September 26, 2016

FLSA Overtime Exemptions Take Effect on December 1: What Does This Mean for Your Employee Benefit Plans?

2 min

The Department of Labor's revisions to the FLSA's "white collar" and "highly compensated" overtime exemptions take effect on December 1, 2016. As we have explained in earlier alerts, these changes may require substantial revisions to employers' compensation-related practices. However, employers must also consider the ways in which the new rules will affect their employee benefit plans. For example:

  • If a retirement, health, or life insurance plan provides differing benefits to non-exempt and exempt employees, reclassifying such employees in response to the DOL's new rules may simultaneously impact the plan's ability to pass applicable non-discrimination tests.
  • In order to defray the potentially-increased costs arising from the DOL's new rules, certain employers may consider reducing the employer's share of health-plan premiums and increasing the employees' share. This adjustment may cause the benefits to become "unaffordable" for certain employees, thus triggering higher employer penalties under the Affordable Care Act.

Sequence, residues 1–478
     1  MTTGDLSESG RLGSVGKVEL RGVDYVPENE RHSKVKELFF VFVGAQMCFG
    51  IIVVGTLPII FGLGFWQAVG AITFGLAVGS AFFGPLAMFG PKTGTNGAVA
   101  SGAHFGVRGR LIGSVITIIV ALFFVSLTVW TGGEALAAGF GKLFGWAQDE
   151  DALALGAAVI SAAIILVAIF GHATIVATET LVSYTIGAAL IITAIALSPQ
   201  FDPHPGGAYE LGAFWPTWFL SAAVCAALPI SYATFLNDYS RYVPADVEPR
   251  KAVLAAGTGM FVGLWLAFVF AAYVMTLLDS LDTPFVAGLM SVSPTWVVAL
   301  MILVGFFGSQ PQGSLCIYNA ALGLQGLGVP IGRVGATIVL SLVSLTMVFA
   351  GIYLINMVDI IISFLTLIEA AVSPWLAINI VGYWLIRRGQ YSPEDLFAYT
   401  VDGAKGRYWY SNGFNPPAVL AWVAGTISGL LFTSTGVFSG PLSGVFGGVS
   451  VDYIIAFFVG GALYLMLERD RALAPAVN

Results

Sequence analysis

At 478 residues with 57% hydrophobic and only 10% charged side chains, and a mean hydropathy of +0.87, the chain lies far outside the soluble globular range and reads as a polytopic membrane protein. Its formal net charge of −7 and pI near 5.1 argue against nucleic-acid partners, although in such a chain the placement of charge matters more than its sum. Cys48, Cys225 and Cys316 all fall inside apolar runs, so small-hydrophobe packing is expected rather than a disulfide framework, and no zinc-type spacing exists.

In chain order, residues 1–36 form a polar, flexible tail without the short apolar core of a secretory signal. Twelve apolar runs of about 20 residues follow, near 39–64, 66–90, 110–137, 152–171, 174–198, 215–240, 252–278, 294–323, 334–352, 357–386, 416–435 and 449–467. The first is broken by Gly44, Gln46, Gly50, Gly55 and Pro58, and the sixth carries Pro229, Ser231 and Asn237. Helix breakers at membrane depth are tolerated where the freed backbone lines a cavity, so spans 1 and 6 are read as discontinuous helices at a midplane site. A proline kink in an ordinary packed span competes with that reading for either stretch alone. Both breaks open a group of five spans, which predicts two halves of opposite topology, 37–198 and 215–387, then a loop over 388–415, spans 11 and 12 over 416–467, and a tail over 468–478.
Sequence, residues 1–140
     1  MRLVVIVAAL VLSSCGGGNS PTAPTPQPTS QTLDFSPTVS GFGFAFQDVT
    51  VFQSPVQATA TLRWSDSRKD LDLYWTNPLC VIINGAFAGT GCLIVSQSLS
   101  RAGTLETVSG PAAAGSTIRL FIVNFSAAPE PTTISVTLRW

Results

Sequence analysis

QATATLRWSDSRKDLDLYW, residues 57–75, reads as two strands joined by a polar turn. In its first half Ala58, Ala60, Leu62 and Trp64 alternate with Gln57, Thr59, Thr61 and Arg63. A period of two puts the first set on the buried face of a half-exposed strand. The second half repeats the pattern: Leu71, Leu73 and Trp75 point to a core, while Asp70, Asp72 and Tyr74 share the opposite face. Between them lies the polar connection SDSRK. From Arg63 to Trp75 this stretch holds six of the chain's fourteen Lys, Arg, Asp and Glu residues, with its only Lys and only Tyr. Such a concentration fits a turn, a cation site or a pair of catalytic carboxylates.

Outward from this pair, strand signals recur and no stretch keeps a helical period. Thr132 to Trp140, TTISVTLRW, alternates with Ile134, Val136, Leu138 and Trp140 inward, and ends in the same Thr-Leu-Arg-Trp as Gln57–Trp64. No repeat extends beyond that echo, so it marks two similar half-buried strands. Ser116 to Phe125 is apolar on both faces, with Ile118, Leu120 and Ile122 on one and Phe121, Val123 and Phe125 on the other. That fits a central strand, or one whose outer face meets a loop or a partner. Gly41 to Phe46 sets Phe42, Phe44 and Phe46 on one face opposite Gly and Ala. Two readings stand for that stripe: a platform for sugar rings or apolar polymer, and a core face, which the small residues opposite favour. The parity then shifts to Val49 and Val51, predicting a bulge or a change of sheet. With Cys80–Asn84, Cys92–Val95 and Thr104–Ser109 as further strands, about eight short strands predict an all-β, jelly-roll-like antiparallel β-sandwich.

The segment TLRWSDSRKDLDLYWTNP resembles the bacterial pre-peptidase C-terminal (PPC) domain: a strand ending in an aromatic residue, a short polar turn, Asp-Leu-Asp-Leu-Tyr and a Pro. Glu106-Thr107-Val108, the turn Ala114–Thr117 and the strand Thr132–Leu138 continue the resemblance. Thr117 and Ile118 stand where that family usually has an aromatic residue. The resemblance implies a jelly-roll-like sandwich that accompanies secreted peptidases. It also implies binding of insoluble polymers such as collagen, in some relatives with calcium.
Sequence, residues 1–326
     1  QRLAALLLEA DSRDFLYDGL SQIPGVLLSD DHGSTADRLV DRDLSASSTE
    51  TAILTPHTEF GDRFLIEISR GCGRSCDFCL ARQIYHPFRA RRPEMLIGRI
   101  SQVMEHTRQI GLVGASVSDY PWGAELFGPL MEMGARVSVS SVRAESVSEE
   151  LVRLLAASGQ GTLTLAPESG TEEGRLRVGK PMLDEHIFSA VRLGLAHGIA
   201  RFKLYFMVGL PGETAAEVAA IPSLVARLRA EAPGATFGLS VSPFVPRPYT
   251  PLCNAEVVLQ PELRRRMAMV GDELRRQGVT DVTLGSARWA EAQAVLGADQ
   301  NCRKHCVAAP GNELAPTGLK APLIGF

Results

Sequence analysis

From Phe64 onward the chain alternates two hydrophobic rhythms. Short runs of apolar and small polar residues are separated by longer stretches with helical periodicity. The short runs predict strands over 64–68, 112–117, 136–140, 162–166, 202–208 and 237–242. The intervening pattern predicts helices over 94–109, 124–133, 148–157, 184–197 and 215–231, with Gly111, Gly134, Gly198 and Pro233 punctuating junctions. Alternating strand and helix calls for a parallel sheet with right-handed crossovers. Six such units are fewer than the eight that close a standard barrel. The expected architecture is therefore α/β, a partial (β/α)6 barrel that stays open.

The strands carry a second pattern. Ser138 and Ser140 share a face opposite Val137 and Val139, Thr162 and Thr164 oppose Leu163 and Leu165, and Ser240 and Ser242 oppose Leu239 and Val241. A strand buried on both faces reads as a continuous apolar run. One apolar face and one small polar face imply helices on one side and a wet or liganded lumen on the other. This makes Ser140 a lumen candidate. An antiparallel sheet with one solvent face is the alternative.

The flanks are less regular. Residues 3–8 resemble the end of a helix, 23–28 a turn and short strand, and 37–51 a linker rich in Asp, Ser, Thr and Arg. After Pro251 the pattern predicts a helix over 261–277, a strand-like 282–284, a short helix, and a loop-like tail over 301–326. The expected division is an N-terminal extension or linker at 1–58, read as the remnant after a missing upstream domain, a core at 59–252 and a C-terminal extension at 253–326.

• Employers who eliminate matching 401(k) plan contributions as a means of defraying the cost associated with the new rules could simultaneously imperil the plan's "safe harbor" status, potentially causing the plan to fail non-discrimination testing.

The bottom line: In making adjustments in order to deal with – or minimize the impact of – the new FLSA exemption rules, employers must carefully consider whether such "solutions" would, in fact, introduce new, benefits-related problems. At the very least, benefits-related cost-saving measures like those mentioned above will typically require advance, written plan amendments, as well as updates to other documents that describe employee benefit entitlements.